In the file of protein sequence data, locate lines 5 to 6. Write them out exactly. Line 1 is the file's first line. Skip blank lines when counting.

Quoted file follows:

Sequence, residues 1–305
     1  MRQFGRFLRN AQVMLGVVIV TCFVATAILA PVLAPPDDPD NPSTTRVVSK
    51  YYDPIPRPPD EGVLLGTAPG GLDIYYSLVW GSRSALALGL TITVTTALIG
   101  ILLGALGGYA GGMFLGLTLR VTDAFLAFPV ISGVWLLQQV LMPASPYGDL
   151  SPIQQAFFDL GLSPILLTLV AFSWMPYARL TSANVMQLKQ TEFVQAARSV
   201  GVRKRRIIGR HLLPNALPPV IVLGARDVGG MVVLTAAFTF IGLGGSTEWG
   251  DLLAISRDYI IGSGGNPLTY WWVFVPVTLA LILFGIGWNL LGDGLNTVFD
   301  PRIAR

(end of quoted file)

   151  SPIQQAFFDL GLSPILLTLV AFSWMPYARL TSANVMQLKQ TEFVQAARSV
   201  GVRKRRIIGR HLLPNALPPV IVLGARDVGG MVVLTAAFTF IGLGGSTEWG